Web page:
"We are all holding our breath to see what comes out of the curriculum review. Science will be particularly affected as it's so full of prescribed content.
"In theory it should free us to motivate kids, teach in a variety of styles and be creative and flexible. People are wondering, though, how radical the changes will be, how much work schools will have in rewriting the curriculum and how much flexibility local authorities will allow because of having to get kids through national assessments. There's talk of an AAP-style national assessment. But that would mean children who don't study areas in the test will be disadvantaged, and the school will look as if it is not achieving. In essence, nothing will have changed.
"Formative assessment is great, but will we actually see a loosening of the assessment noose, or will the tension continue between being child-friendly - as proposed in A Curriculum for Excellence - and doing summative testing with scores that can easily be measured for government statistics?
"Teachers are engaging with formative assessment and A Curriculum for Excellence though, and it's an exciting time. I'm really pleased I'll get to see education being about children again.
JOY SNAPE. Chair, Association for Science Education, Scotland
"Teachers are used to a structured science curriculum. So although everybody welcomes the idea of de-cluttering, there is some apprehension.
"Borders and many other authorities developed detailed science courses, which were welcomed with open arms. They raised teachers'
confidence. To take that away is scary.
"There are serious questions, too, around how you measure progression.
Broad statements can be interpreted differently. Maybe facts will become less important and, in terms of the capacities, it'll be about processes, thinking scientifically, becoming confident learners who know how to acquire knowledge.
"Rather than teaching facts then doing an experiment to prove them, it is more important to take kids on a journey, do real experiments, look at scientific thinking.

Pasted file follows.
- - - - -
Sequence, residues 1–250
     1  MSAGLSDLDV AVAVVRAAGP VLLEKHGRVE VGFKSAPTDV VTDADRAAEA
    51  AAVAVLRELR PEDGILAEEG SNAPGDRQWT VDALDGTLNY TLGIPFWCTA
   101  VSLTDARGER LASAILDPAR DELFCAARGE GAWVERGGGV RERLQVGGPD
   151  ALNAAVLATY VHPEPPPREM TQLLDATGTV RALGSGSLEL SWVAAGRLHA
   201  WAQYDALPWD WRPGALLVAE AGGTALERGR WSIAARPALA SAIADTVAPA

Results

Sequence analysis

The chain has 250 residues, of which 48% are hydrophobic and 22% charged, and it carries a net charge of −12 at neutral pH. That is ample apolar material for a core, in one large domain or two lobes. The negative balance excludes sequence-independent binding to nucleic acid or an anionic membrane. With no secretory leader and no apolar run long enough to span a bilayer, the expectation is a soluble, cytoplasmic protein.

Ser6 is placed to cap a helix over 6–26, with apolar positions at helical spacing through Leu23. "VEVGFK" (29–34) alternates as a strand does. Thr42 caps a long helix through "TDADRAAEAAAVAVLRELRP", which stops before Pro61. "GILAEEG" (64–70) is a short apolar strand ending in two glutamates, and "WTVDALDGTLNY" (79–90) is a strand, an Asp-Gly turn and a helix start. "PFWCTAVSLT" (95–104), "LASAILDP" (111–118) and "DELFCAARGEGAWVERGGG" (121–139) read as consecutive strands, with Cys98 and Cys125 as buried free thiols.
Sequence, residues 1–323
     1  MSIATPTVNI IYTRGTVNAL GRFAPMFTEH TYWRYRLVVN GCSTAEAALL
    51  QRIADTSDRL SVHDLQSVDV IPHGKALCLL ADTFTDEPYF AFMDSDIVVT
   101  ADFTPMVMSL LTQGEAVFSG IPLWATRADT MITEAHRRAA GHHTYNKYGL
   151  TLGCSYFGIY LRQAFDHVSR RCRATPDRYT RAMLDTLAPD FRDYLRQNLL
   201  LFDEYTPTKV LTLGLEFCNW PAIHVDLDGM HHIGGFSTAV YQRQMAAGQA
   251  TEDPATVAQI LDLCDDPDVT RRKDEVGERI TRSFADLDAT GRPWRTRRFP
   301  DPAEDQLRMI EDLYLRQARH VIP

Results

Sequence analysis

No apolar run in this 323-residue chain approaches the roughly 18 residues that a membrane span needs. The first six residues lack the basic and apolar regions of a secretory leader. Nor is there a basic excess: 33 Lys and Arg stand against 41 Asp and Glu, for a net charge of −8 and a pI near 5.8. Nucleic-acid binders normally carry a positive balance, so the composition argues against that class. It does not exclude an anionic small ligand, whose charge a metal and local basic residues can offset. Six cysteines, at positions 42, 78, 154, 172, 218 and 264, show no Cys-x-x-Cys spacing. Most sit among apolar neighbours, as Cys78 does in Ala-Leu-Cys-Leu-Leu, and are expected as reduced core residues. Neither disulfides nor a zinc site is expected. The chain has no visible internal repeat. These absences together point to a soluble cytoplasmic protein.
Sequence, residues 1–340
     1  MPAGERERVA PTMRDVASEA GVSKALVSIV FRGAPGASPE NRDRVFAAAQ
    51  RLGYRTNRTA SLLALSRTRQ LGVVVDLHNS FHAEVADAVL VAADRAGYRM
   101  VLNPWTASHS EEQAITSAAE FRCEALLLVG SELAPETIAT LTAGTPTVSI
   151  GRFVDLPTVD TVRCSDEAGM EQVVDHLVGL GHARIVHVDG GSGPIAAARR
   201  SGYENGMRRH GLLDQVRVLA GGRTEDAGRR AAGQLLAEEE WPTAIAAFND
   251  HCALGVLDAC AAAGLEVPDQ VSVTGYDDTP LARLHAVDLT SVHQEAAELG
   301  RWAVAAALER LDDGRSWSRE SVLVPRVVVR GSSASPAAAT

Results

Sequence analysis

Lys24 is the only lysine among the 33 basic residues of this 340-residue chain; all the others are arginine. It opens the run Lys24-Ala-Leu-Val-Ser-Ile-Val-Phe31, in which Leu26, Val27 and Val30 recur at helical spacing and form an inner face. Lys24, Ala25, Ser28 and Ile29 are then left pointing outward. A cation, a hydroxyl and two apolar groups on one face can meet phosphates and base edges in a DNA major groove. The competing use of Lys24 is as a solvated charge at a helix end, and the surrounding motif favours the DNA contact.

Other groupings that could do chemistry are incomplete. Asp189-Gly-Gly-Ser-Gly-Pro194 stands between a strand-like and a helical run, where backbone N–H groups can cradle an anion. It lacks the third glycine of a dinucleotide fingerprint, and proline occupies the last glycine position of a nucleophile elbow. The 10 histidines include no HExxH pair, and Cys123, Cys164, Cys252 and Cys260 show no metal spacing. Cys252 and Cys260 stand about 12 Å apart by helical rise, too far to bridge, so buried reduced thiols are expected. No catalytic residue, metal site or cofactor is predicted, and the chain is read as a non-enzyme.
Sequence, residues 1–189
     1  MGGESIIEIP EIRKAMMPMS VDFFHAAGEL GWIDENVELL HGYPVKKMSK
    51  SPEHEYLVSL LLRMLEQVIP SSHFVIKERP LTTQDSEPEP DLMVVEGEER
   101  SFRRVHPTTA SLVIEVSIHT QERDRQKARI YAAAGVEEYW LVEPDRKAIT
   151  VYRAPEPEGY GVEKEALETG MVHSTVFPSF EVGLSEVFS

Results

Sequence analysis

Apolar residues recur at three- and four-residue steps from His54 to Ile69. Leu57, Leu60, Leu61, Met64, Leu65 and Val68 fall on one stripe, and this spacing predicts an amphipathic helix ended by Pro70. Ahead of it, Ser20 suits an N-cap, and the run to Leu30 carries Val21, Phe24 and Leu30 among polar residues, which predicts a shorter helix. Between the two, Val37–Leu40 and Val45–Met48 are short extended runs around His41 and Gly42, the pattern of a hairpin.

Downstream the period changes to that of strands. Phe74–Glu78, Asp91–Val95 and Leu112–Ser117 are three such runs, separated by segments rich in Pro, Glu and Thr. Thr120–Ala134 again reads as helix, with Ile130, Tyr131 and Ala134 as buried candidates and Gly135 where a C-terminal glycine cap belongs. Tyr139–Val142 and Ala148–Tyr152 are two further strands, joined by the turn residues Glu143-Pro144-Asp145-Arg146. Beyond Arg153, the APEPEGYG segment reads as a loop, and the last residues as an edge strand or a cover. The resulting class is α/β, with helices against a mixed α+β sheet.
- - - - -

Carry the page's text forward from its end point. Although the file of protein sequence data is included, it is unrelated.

"We've had real success in Borders with a thinking skills programme and every school cluster now has a thinking skills trainer.
"It will take time for people to absorb the new curriculum, but it's a fantastic opportunity to think about what science education should be and it's great that we are looking progressively from 3-18 in a way we have never done before."
TOM CLARK. Science development officer Inverclyde
"It will be good to have time for ethical and topical issues in science, so teachers can stop and look at the science of bird flu or nuclear power. But it will be a challenge to change the way science teachers work, which is very much teach a topic, do the test, give the marks and move on.
"To convince teachers of the benefits of studying topics in depth, without the headlong rush to an exam, they will have to engage with teachers up and down the country. It is going to be a culture shock and may take longer than they think.
"In Inverclyde we now have secondary teachers going into their cluster primaries to teach. It is hectic, because most primaries don't have the equipment you need, but it is very worthwhile. The enthusiasm of the children is refreshing and rewarding; you get to know the kids, so when they come to the secondary they already respect you; and the primary teachers learn a great deal.
"In terms of A Curriculum for Excellence, however, I believe there are things the secondary teachers can learn from their primary colleagues.
RHONA GOSS. Principal teacher of sciences, Monifieth High, Angus
"SQA exams are marked in a very itemised way. So teachers are wondering if reduced content in the new curriculum will allow kids to cope with Standard grade. If we can get away from needing to know a particular fact for a particular exam, that will free people.
"At our school we've been discussing the second year exam.
Should we all do exactly the same thing so we know what they've covered, or should we get rid of it and do more creative things?
"If pupils pass a Higher you know exactly what they've covered, and many people see this as a strength. But it doesn't sit easily with a flexible system that has everybody doing something slightly different.
"The other big issue is professional development. Teachers are being asked to teach in new ways, so a great deal of CPD will be needed. John Richardson, the director of projects at the SSERC, has been doing and co-ordinating lots of good things, but we need more and we need new models.
"Courses at the National Science Learning Centre in York look wonderful, but the distance puts people off.
"Lots of people are dipping their toes in the water with A Curriculum for Excellence, and it's great to hear them talking about what they've tried.
We need a mechanism for sharing good practice."